Following CNN’s exclusive footage of the FBI arrest of President Donald Trump’s confidant Roger Stone, right-wing conspiracy theorists quickly raised alarm about CNN’s journalistic practices in an attempt to discredit the outlet — using a talking point that ricocheted across the internet and onto the president’s Twitter account.
Early Friday morning, an FBI team largely made up of furloughed agents who volunteered for duty without pay arrested Stone at his home in Fort Lauderdale, Florida, in conjunction with a federal indictment filed by special counsel Robert Mueller.
Stone’s arrest didn’t come as much of a surprise, considering that he has been a central figure in Mueller’s ongoing investigation of potential Russian interference in the 2016 election. But it did feature one unique attribute: It was captured by CNN’s news cameras.
"FBI. Open the door.”
Watch exclusive CNN footage of the FBI arresting longtime Trump associate Roger Stone. Stone has been indicted by a grand jury on charges brought by special counsel Robert Mueller. https://t.co/ZQCuuxLHAG pic.twitter.com/moQwNndB91
— CNN Politics (@CNNPolitics) January 25, 2019
It wasn’t long before the far-right’s most notorious conspiracy theorists raised suspicion about how CNN was able to capture the footage.
First was former Fox News host Greta Van Susteren, who stated in a tweet posted just after 7:00 am that the “FBI obviously tipped off CNN…even if you don’t like Stone, it is curious why Mueller’s office tipped off CNN instead of trying to quietly arrest Stone.”
She quickly attempted to walk back that statement, later tweeting that CNN may or may not have been tipped off.
— Erick Fernandez (@ErickFernandez) January 25, 2019
Nonetheless, her original tweet quickly racked up thousands of retweets and likes, and was parroted by several other conspiracy theorists like Jacob Engels, Erick Erickson, and Jordan Schachtel. By 10:00 am, the notion that the FBI was coordinating with CNN had made it into conspiracy clearinghouses like The Daily Caller, Gateway Pundit, and Infowars.
Late Friday morning, Trump himself posed the question: “Who alerted CNN to be there?”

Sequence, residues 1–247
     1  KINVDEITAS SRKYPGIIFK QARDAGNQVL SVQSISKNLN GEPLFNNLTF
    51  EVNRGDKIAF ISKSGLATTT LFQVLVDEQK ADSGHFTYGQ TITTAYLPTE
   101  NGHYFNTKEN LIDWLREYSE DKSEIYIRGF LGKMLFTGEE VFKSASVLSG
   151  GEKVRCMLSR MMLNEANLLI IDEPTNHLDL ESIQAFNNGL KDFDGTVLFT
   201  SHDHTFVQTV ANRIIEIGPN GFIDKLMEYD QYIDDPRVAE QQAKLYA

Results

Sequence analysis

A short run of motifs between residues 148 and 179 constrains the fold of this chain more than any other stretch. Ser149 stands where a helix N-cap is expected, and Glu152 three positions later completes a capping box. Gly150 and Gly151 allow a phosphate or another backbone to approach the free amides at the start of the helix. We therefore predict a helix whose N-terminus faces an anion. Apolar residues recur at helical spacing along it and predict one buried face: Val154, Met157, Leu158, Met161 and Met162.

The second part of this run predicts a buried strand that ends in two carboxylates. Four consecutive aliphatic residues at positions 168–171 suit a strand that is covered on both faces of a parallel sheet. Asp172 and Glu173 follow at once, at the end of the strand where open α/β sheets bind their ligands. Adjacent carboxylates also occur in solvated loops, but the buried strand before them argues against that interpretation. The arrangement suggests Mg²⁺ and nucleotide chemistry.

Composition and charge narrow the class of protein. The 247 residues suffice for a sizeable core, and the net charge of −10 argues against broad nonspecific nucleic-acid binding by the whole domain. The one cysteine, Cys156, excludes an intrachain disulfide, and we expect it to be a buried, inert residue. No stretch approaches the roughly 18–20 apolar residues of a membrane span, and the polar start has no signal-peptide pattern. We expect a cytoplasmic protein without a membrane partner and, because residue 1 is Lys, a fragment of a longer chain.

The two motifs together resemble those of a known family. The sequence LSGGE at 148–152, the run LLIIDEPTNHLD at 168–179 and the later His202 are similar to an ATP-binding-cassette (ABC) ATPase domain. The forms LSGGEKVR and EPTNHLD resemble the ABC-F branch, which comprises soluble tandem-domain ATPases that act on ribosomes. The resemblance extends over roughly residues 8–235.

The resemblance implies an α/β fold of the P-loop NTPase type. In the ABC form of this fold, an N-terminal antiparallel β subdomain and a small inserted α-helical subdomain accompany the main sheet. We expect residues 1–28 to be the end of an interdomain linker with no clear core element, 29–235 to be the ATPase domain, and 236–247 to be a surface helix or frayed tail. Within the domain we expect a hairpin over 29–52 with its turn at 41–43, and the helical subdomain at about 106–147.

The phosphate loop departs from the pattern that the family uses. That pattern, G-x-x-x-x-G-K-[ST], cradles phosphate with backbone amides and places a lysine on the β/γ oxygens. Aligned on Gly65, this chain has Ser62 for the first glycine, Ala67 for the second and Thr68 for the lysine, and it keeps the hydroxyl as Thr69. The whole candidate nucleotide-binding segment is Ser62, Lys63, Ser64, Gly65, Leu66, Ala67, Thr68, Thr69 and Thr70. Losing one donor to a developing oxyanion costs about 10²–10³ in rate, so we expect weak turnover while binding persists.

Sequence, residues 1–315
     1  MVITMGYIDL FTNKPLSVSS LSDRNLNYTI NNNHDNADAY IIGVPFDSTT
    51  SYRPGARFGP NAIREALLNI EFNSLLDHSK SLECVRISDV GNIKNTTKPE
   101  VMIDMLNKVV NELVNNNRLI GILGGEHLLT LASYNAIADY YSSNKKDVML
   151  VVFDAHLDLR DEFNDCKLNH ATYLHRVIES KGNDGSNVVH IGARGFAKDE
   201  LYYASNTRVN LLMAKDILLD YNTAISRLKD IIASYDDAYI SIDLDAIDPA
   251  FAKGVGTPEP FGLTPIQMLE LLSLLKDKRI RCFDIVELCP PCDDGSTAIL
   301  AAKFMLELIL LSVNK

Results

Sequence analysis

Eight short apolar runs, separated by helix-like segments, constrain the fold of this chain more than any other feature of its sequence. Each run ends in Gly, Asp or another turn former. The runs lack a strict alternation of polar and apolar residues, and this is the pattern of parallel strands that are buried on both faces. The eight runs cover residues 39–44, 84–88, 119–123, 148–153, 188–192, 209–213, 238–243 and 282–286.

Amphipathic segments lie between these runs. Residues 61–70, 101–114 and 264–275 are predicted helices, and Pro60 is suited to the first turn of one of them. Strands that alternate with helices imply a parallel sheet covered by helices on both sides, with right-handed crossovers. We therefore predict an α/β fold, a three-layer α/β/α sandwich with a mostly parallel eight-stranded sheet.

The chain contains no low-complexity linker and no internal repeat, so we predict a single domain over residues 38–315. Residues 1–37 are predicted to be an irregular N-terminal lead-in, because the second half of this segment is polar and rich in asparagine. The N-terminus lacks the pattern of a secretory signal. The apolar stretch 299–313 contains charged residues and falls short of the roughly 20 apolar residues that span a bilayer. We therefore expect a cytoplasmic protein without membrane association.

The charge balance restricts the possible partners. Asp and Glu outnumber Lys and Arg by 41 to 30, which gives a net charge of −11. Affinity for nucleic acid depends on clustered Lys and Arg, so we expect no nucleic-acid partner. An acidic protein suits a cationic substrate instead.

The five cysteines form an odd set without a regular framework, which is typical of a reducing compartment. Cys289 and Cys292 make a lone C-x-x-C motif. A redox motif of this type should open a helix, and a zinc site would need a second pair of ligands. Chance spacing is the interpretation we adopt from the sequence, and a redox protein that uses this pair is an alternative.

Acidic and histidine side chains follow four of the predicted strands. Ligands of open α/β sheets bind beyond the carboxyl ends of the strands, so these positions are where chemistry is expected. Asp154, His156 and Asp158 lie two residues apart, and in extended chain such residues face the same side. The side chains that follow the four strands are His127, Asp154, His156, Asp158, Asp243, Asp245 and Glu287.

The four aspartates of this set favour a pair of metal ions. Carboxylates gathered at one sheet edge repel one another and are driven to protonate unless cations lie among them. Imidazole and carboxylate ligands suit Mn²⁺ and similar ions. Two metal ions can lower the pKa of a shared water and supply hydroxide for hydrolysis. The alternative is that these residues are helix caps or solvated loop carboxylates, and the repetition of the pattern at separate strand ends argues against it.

Greatest Witch Hunt in the History of our Country! NO COLLUSION! Border Coyotes, Drug Dealers and Human Traffickers are treated better. Who alerted CNN to be there?
— Donald J. Trump (@realDonaldTrump) January 25, 2019
Had Van Susteren and other skeptics watched CNN a bit longer, however, it would have become clear the only thing CNN was guilty of was good journalism practices.
Shortly before 7:30 am, CNN producer David Shortell — who was on the ground with a camera crew in Fort Lauderdale to capture the footage in question — appeared on the air to explain what transpired and how he happened upon the scene.
According to Shortell, unusual grand jury activity in Washington, D.C. the day before, coupled with months of reporting on the Russia investigation and a relatively short list of possible suspects who could be facing criminal charges, was enough for CNN journalists to instinctively send a crew to Stone’s house just in case he was the target.
Indeed, Friday’s arrest followed a similar script to previous police activity related to the Mueller investigation — a pre-dawn raid, featuring a small team of uniformed FBI agents. Both Paul Manafort and Michael Cohen were subjected to similar raids in 2017 and 2018.
CNN producer @davidgshortell describes the moment Roger Stone was taken into custody by the FBI. The longtime Donald Trump associate has been indicted by a grand jury on charges brought by special counsel Robert Mueller https://t.co/wUJEIkKDTw pic.twitter.com/AJ3JWWSHs3
— CNN (@CNN) January 25, 2019
Conservative commentators — including the president — often traffic in baseless speculation and outright fabrication, and falsely accuse the mainstream media of doing the same. CNN is a particular target, frequently singled out specifically by Trump as an example of “fake news.” Trump once tweeted a video of himself body-slamming a person whose head had been superimposed with the CNN logo.